Id. (internal quotation marks omitted).
Miller v. USAA Cas. Ins. Co., 44 P.3d. 663, 678 (Utah 2002).
alleged misrepresentation to Safeco and Safeco’s subsequent rescission of his homeowner’s
policy; and finally, the state court judgment is considered a final judgment on the merits.
Runolfson concedes in his memorandum in opposition to summary judgment that “the
first two elements have been met,” 16 but disputes that the Consent Judgment was a final
judgment on the merits. He argues that a Consent Judgment is generally not appealable, and
therefore cannot be a final judgment on the merits for the purposes of claim preclusion.
Runolfson is mistaken. The Utah Court of Appeals has held that “claim preclusion applies to
consent judgments” and that the fact that a judgment is entered upon “a stipulation does not
change [that] holding.” 17
Runolfson argues, in the alternative, that the judgment is void and is therefore a nullity,
and as such, cannot be a final judgment on the merits. “A judgment is not void merely because it
is erroneous or because some irregularity inhered in its rendition. It is void only if the court that
rendered it lack jurisdiction of the subject matter or of the parties or if the court acted in a
manner inconsistent with due process.” 18
The Eighth District Court of Utah had jurisdiction to enter judgment on Safeco’s claim
and did not act in a manner inconsistent with due process. The alleged misrepresentation, the
issuance of the policy, and the dog attack all occurred in Vernal, Utah. Absent a motion to
remove by either party, the Eighth District Court had personal and subject matter jurisdiction
over the claim.
Runolfson argues that the judgment was inconsistent with due process because Wayman
was not notified of the declaratory judgment action or the consent judgment and had no
Docket No. 40, at 7.
State of Utah v. V.G.P. 845 P.2d 944, 946 (Utah Ct. App. 1992).
Richins v. Delbert Chipman & Sons Co., 817 P.2d 382, 385 (Utah Ct. App. 1991).
opportunity to join. This argument is unavailing because, notwithstanding his injuries, Wayman
did not have standing to join Safeco’s declaratory judgment suit. The Utah Supreme Court has
stated “we want to repel any inference . . . that one who claims to be damaged by the negligent
act of another, is a proper party to an action by [that party’s] insurer . . . whereby a declaratory
judgment is sought declaring the legal effect of the terms of such a policy. . . . The tort victim has
no present legal interest in [such an] insurance contract.” 19 Wayman had the opportunity to
receive due process by seeking a judgment against Runolfson, which he eventually obtained
Runolfson relies on a California state appellate court case to further argue that a judgment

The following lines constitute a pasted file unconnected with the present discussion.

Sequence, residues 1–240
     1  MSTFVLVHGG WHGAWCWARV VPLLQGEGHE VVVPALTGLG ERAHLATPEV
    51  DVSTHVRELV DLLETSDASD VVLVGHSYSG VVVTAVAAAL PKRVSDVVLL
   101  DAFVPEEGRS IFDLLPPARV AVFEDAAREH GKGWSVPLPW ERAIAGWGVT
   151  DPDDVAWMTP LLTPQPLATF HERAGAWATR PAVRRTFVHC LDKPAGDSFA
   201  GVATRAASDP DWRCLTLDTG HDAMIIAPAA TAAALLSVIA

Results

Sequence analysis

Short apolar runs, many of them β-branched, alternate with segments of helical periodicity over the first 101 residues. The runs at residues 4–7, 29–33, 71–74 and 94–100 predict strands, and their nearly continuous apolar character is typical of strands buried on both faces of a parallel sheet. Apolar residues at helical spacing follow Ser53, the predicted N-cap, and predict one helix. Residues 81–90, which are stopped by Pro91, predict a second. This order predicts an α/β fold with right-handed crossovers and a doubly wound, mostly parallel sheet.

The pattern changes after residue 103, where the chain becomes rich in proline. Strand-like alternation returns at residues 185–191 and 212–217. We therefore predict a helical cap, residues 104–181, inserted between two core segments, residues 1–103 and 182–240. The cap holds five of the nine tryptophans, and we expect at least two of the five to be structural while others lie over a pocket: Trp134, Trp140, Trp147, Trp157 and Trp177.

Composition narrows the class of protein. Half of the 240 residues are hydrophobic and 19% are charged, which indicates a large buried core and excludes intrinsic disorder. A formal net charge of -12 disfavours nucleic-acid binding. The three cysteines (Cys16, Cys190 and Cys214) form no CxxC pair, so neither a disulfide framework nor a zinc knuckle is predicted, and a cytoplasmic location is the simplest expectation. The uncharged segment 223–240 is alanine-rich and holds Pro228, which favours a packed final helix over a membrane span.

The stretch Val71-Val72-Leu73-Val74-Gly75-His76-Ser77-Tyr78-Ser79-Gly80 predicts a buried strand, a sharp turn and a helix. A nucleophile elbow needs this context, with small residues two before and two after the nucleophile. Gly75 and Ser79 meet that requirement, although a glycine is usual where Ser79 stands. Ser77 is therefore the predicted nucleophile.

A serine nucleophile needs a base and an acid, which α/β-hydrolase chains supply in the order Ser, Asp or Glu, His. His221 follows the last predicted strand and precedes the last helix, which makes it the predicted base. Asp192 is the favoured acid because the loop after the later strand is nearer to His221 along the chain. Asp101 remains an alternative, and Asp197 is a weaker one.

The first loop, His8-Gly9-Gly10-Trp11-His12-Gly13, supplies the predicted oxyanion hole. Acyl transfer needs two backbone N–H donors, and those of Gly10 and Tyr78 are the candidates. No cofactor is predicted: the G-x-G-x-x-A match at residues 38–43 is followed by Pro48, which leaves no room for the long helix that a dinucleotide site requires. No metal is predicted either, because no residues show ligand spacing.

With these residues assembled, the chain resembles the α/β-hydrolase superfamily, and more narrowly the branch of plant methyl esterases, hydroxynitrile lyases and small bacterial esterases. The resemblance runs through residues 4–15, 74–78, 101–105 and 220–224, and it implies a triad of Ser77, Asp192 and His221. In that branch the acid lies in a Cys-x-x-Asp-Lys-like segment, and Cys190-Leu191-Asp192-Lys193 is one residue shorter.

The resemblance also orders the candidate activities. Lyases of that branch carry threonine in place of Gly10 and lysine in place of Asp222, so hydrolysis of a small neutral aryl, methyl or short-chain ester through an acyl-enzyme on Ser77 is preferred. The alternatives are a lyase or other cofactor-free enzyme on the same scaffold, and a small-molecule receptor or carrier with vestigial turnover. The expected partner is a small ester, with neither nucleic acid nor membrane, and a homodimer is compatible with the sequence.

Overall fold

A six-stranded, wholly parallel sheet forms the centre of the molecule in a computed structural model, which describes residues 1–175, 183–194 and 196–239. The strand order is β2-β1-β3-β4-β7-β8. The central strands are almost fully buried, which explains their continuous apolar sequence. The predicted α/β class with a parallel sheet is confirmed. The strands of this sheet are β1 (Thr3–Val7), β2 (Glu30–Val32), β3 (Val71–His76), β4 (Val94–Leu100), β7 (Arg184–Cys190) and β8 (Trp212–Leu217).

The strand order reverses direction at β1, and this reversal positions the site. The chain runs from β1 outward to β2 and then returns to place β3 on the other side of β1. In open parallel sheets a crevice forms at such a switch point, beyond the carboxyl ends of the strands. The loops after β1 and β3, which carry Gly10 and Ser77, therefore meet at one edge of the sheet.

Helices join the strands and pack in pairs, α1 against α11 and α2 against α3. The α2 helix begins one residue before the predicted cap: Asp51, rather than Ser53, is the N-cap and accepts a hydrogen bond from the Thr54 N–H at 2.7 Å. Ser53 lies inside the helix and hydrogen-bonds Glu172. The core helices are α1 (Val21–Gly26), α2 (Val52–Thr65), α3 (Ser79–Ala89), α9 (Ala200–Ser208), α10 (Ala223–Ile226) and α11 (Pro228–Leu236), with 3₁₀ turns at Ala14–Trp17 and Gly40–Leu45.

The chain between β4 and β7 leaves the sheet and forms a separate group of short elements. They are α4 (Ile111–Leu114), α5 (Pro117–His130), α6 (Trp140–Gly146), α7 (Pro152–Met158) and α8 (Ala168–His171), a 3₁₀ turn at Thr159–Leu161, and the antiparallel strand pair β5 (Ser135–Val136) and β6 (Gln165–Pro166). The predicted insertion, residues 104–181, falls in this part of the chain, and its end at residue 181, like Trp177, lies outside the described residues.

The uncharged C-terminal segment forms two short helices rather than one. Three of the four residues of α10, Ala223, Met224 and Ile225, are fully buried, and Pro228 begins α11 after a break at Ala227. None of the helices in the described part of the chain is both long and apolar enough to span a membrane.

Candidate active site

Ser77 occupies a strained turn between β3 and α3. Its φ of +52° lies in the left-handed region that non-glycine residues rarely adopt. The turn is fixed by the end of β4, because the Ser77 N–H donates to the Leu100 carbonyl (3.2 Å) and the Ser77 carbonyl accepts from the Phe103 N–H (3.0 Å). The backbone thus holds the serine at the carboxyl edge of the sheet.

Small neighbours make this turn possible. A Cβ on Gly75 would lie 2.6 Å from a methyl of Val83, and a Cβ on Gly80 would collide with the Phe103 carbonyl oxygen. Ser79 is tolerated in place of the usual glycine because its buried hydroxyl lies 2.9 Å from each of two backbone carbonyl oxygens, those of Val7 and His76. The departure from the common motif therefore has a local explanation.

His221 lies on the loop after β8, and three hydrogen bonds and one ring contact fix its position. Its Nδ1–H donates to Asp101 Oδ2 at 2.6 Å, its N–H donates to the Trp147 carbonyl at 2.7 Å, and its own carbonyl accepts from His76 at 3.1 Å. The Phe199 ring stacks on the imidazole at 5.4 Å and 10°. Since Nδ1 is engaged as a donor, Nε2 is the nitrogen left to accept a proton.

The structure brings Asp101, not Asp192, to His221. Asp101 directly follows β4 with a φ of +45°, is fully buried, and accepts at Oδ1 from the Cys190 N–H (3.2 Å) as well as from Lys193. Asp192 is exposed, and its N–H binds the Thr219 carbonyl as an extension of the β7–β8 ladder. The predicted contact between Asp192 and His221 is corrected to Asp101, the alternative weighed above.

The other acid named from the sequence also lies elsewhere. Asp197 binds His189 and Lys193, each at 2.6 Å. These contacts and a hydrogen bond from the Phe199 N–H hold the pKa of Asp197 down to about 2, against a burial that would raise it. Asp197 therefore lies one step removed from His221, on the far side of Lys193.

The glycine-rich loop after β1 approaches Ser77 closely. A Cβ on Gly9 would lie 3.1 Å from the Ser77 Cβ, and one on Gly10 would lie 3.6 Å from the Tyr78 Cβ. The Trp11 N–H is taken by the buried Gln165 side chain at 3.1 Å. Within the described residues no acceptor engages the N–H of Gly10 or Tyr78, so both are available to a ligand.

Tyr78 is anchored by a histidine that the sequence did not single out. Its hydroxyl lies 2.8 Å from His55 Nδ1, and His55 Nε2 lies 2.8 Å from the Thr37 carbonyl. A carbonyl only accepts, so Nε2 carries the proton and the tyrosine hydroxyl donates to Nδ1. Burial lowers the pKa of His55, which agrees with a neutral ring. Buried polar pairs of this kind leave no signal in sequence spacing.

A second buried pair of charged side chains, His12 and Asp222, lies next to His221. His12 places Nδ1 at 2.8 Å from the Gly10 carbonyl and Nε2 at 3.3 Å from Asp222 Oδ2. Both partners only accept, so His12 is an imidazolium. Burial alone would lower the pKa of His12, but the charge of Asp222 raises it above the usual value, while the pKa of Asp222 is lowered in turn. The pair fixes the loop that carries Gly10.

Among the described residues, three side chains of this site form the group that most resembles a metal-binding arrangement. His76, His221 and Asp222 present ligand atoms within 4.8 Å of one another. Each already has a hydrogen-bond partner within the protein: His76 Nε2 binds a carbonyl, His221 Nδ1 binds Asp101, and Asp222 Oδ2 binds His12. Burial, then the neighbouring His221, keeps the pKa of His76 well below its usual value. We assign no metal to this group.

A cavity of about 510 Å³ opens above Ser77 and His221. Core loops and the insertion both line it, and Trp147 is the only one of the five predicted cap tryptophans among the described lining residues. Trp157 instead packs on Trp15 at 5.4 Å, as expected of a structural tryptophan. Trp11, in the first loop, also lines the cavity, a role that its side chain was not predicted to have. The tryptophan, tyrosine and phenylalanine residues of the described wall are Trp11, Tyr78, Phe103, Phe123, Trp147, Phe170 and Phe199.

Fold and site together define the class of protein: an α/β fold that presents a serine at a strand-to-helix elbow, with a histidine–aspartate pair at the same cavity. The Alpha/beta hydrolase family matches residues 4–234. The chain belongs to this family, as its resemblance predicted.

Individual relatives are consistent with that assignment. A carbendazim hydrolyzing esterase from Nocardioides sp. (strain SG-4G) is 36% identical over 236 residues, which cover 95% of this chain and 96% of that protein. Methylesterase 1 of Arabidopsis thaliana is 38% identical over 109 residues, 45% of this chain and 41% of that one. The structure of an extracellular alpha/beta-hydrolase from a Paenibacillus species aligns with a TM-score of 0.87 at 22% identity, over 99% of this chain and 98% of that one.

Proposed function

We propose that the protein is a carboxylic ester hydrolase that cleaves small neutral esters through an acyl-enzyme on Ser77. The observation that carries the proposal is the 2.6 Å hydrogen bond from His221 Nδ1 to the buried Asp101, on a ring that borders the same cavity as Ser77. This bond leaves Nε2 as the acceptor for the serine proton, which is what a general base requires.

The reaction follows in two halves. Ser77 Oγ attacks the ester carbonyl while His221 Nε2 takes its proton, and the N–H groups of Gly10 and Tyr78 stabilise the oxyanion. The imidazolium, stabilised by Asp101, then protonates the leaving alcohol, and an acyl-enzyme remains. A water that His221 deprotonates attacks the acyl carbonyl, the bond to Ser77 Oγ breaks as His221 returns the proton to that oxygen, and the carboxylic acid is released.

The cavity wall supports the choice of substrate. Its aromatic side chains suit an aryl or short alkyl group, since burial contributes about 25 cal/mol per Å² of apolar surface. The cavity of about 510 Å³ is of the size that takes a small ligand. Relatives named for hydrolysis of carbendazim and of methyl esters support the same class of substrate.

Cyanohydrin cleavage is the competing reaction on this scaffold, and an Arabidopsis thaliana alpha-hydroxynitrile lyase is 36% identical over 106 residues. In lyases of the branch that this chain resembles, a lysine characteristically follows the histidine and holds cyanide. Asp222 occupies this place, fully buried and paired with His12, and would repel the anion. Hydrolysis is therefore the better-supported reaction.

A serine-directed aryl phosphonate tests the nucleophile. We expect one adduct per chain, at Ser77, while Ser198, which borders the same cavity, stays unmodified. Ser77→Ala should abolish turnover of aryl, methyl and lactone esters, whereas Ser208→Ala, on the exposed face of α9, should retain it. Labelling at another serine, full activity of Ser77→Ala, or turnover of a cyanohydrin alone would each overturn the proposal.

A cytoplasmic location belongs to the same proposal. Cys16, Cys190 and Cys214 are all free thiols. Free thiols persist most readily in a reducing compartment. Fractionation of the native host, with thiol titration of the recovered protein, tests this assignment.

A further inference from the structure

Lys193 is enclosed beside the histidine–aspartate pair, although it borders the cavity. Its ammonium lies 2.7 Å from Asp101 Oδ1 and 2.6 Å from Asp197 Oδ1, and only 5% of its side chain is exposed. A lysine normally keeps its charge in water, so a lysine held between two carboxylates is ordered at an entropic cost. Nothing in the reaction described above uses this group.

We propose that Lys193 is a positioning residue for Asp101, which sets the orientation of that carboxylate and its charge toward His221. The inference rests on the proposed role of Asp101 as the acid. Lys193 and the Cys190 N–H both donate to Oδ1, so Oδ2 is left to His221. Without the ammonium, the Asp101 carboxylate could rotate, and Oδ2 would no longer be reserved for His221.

is void when it violates a statutory scheme or offends public policy. This is not Utah law, and
the Utah state child support case that Runolfson cites, which tangentially supports this
proposition, is inapposite in this context of an insurance dispute. The statutory scheme that
Runolfson argues has been violated is Utah Code Ann. § 31A-22-202, which prohibits collusion
between an insurer and insured to retroactively abrogate insurance coverage after a loss that
harms a third party. Safeco counters that this statute only applies to collusion between an insurer
and insured, and not to stipulations that allow courts to enter judgment in contested litigation.
The Court need not resolve which interpretation of the statute is correct because Utah has not
extended the definition of void judgments beyond those entered without jurisdiction or in
violation of due process. Moreover, this is not the type of comprehensive statutory scheme at
issue in the cases relied upon by Runolfson. In any case, even if the judgment were void for
violating the statute, the proper remedy is not to bring this action, but to seek relief from the state
court judgment under Utah Rule of Civil Procedure 60(b)(4).
Utah Farm Bureau Ins. Co., v. Chugg, 315 P.2d 277, 281 (Utah 1957).
If the judgment was instead voidable because it was erroneous, which this Court need not
decide, the remedy is also to seek relief in state court under Rule 60. The erroneousness of a
judgment is no defense to claim preclusion. “Res judicata protects wrong decisions as fully as
right ones.” 20
It is therefore
ORDERED that Defendant Safeco’s Motion for Summary Judgment (Docket No. 39) is
GRANTED. It is further
ORDERED that Plaintiff Runolfson’s Motion to Continue (Docket No. 50) is DENIED
The Clerk of the Court is directed to enter judgment in favor of Defendant and against
Plaintiff, and close this case forthwith.
DATED February 9th, 2016.
BY THE COURT:
United State District Judge
Vance, 744 F.2d at 753.